Ken Herman: Annoy your Trump-hating friends with these questions

Ken Herman, Austin American-Statesman on

Published in Op Eds

Are you the kind of person who likes to stir up trouble at social gatherings? Do you enjoy twisting people into knots with a series of leading questions that they don't realize are leading until they've been led?

Yes, I thought you were.

Here's a little something I've been test driving in recent weeks to combine two of my favorite things: Talking politics and annoying people, which isn't hard to do these days. I'm happy to share it with you and I'd be interested in hearing how it works for you.

Many of you are aware that we're moving toward the quadrennial day when America decides who is most worthy to be our leader for the next four years. Sometimes we get it right. And there are other times. The process seems particularly pitched this particular go-round.

So here's the first question to ask: "Do you believe it is more difficult for a woman to be elected president of the United States?"

History says yes. And I've found that many people, well-versed in history, also say yes, it is more difficult for a woman to be elected president of the United States. I've checked the record and, sure enough, only once in U.S. history has a female presidential candidate received the most popular votes. Many people believe that Hillary Clinton's 2016 campaign was hampered by, among other things, bias against a female candidate.

OK. So if you get a yes answer to the question about whether it's more difficult for a woman to win the presidency, follow up with this one (and this whole riff is Democrat-specific): "Is voting Donald Trump out of office your top priority for 2020?"

If you get two positive answers (yes, it's more difficult for a woman to be elected and, yes, my top priority is voting Trump out of office), you then follow up by asking if it then follows that the respondent might want to opt for a male Democratic nominee because of the respondent's belief that it's more difficult for a woman to win the presidency.

And then the fun begins, along with, I've found, allegations that somehow that's not a logical conclusion. Seems to me it is. If electability is your top concern, why would you back somebody in a category from which you believe it is more difficult to become president?

FYI, I happen to believe that due to the current state of play (and the current state of the current president's mind) a woman might have a better chance of winning the White House this go-round. We'll see. One thing seems certain: There'll be at least one female on the Democratic ticket.

My friend Todd Gillman of the Dallas Morning News explored the gender question during a recent reporting trip to Iowa. He opened his dispatch with words from Kelsey Bell, a 36-year-old accountant who's backing Elizabeth Warren but is worried about whether a woman can win the presidency.

"It is hard for people my grandparents' age to accept the idea of a female president," she told Gillman. "My grandpa can't even go to a female doctor. That generation is just so closed-minded."

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Ipsos, a polling firm, got interesting results when it polled on the gender question back in June on behalf of The Daily Beast.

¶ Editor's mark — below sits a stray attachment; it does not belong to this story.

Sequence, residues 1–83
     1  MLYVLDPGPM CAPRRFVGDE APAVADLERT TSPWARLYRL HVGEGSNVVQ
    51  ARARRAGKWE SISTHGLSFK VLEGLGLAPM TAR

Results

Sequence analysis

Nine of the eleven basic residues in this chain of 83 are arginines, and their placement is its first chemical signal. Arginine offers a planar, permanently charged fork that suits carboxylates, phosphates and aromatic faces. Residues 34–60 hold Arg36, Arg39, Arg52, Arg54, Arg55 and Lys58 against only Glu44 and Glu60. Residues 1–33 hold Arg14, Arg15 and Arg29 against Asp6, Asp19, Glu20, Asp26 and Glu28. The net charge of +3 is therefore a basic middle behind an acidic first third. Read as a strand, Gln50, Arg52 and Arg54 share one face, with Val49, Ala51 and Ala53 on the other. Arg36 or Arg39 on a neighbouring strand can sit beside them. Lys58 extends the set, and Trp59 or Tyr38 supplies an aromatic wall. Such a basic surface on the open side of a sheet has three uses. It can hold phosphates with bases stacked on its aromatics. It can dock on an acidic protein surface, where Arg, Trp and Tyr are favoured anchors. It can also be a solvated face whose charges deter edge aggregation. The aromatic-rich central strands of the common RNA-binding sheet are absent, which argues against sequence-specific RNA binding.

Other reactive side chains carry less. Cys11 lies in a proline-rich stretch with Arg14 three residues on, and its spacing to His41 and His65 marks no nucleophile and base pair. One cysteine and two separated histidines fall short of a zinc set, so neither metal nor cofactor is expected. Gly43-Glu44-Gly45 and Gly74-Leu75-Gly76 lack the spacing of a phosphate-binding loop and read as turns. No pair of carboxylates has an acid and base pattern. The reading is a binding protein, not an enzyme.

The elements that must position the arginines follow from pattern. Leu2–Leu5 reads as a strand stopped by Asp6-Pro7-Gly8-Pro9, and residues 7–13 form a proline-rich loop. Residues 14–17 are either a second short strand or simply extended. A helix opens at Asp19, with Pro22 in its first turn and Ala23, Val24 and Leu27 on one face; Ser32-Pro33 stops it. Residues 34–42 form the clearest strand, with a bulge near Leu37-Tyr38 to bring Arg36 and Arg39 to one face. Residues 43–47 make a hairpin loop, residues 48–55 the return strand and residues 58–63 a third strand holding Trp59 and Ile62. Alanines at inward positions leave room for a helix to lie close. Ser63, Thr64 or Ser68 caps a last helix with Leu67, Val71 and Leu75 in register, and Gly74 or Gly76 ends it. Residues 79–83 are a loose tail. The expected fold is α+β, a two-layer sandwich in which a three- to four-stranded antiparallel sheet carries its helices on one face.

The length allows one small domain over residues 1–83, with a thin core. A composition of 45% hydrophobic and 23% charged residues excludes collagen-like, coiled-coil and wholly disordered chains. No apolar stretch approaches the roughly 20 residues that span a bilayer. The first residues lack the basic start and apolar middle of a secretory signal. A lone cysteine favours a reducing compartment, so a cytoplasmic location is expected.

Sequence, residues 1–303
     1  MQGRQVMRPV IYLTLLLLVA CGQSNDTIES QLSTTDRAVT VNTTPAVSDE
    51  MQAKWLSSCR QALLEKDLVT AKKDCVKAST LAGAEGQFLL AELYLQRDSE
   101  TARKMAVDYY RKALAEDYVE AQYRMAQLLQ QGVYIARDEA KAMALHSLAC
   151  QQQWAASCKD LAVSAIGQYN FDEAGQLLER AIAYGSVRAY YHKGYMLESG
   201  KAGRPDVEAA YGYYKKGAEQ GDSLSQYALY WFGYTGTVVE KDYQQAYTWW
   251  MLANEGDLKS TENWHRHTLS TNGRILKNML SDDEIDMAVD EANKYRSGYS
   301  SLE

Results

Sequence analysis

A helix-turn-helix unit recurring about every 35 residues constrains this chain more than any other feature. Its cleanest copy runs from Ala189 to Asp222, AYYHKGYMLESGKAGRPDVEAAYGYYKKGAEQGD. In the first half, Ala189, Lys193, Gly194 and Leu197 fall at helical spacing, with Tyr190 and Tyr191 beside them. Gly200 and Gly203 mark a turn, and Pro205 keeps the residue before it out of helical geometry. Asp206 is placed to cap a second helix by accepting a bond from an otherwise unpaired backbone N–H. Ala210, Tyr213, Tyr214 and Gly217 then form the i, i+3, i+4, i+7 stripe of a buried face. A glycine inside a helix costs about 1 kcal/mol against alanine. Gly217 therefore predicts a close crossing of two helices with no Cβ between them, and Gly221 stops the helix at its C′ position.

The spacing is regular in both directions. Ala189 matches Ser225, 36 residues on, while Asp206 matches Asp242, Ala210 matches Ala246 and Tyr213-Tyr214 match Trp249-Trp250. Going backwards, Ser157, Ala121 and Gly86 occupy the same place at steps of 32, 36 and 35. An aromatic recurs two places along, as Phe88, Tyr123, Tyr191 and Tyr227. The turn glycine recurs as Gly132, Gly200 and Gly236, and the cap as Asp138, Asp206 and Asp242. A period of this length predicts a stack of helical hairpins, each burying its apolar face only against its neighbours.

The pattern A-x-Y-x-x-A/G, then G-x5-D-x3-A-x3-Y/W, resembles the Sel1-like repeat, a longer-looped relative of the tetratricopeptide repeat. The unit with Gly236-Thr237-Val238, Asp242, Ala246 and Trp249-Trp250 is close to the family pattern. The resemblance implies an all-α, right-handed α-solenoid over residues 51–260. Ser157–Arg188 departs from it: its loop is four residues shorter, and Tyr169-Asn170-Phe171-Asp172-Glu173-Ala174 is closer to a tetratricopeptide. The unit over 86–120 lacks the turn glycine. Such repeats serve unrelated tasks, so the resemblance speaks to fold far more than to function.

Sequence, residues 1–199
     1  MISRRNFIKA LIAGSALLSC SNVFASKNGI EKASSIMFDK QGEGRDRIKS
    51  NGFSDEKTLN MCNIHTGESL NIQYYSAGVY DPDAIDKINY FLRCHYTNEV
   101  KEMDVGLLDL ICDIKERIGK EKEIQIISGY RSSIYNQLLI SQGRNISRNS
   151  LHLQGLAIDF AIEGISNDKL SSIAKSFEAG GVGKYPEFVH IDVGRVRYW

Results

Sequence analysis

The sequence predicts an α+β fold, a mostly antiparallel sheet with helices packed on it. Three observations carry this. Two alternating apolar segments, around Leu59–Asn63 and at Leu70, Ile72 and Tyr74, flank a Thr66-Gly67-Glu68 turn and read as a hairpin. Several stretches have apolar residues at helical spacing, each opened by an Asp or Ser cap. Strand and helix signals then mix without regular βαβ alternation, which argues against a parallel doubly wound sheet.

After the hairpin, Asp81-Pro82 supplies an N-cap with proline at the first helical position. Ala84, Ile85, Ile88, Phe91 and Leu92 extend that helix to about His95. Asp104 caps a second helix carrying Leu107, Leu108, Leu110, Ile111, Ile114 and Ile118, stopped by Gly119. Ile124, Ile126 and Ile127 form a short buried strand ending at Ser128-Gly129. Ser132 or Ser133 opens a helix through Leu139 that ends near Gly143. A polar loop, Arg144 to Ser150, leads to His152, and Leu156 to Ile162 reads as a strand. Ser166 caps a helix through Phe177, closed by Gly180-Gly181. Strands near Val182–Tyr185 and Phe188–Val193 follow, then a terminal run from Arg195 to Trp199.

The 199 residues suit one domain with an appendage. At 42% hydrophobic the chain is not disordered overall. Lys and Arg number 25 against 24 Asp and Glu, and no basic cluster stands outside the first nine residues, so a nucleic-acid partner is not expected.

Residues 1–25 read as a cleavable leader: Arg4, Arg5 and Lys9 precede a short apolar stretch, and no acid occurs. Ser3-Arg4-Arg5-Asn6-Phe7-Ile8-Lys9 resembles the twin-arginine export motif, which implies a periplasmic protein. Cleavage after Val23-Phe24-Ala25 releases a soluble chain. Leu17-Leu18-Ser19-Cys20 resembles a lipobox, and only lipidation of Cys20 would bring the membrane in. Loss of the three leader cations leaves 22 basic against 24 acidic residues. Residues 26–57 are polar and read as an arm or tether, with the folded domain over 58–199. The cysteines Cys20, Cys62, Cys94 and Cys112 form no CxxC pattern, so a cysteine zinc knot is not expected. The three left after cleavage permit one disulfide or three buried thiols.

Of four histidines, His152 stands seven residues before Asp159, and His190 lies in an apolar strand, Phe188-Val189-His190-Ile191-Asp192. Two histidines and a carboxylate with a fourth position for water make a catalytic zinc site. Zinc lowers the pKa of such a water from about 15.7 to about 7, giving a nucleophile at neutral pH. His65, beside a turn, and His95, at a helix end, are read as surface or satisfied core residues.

"When asked about having a female president, Democrats and independents are themselves comfortable with a female president (74%), but believe their neighbors are less accepting (33%)," the pollsters reported.

Gillman included this insightful note: "Pollsters ask bank-shot questions like that to smoke out biases that respondents might not own up to about themselves." (For example, I don't necessarily believe that baseball's designated hitter rule is a communist plot to undermine the great American game and America itself, but I'm pretty sure some of my nutty neighbors think that's true.)

It's also important to report this from the Ipsos pollsters: "Democrats and independents are split in their opinion on whether a woman would have a harder time than a man running against Donald Trump in 2020, with only slightly more of those who say they agree (39%) over disagree (26%) or neither agree nor disagree (28%) with the statement."

The 2020 presidential campaign rolls through Texas this week. Tuesday night, Elizabeth Warren was scheduled to have an event here in Austin. Warren lived here in the 1980s when she was a University of Texas law professor. Let me know if she, like everyone who lived here in the 1980s, talks about how much better Austin was back then.

On Thursday, there is a 10-candidate Democratic presidential debate in Houston. The event at Texas Southern University includes three candidates (Warren and U.S. senators Amy Klobuchar of Minnesota and Kamala Harris of California) from the gender that's yet to produce a president. Should be interesting. And long. ABC is planning a three-hour debate.

Last thing, referring back to the first thing in this column: I recently saw a car with a Warren bumper sticker and a Bernie Sanders bumper sticker. There was a man and a woman in the car. I could surmise which bumper sticker went with each person in the car, but surmises can be wrong. However, I also thought it would be wrong (and creepy) to follow them and ask which sticker went with which occupant.

If that was your car, or if you have one with that combination of bumper stickers, give me a call.

(c)2019 Austin American-Statesman, Texas

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